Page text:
Mum the word for anxiety help


“Sometimes it takes someone else to help you to get out of it,” Sarah Jessen said of perinatal anxiety and depression.  Picture: Andrew Ritchie        d451035
“Sometimes it takes someone else to help you to get out of it,” Sarah Jessen said of perinatal anxiety and depression. Picture: Andrew Ritchie        d451035

Ms Jessen said one in seven women would experience anxiety in the perinatal period (during pregnancy or after birth) but many women were not aware of symptoms to look out for.

“Sometimes new mums accept really significant anxiety as ‘normal’ and don’t realise they can get help and that things can get better,” Ms Jessen said.

“There are actually lots of supports available in our local area and recovery is possible.”

Ms Jessen said she felt anxiety when her second daughter Amelia became unwell after she was born. The Subiaco-based psychologist said that at the time she was continually on edge, tense and had difficulty sleeping, which led to panic attacks.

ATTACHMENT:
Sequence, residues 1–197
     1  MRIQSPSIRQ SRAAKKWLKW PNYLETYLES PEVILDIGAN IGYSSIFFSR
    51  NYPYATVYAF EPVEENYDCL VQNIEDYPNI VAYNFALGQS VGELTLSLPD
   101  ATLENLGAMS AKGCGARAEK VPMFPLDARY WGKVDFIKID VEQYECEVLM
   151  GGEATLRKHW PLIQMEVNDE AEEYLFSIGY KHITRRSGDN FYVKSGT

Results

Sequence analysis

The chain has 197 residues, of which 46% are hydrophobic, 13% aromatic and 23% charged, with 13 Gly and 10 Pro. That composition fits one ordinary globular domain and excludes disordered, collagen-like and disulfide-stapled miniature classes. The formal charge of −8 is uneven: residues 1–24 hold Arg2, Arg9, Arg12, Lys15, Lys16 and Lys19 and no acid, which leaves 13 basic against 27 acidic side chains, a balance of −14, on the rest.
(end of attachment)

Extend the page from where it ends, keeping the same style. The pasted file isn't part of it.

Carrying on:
“These were clear symptoms of perinatal anxiety; however, at the time I didn’t recognise them and I struggled to talk to others about what I was experiencing,” she said.

After reaching out to her mother about her experiences, Ms Jessen sought counselling and found healthy ways to manage her anxiety.

Ms Jessen now helps other mothers at risk of, or experiencing perinatal anxiety and depression by giving them the tools to recognise and manage the symptoms.

“The first step is to talk to someone you trust and let them know what is going on,” Ms Jessen said.

“This may involve talking to your GP, another health professional, or a friend or family member who can help you get the support you need.”

Ms Jessen said the more she spoke up, the more she realised she was not alone and friends had also experienced difficulties.

“It may also be helpful to see a counsellor or psychologist to help you understand the cause of the anxiety and to work with you to develop ways of managing it.”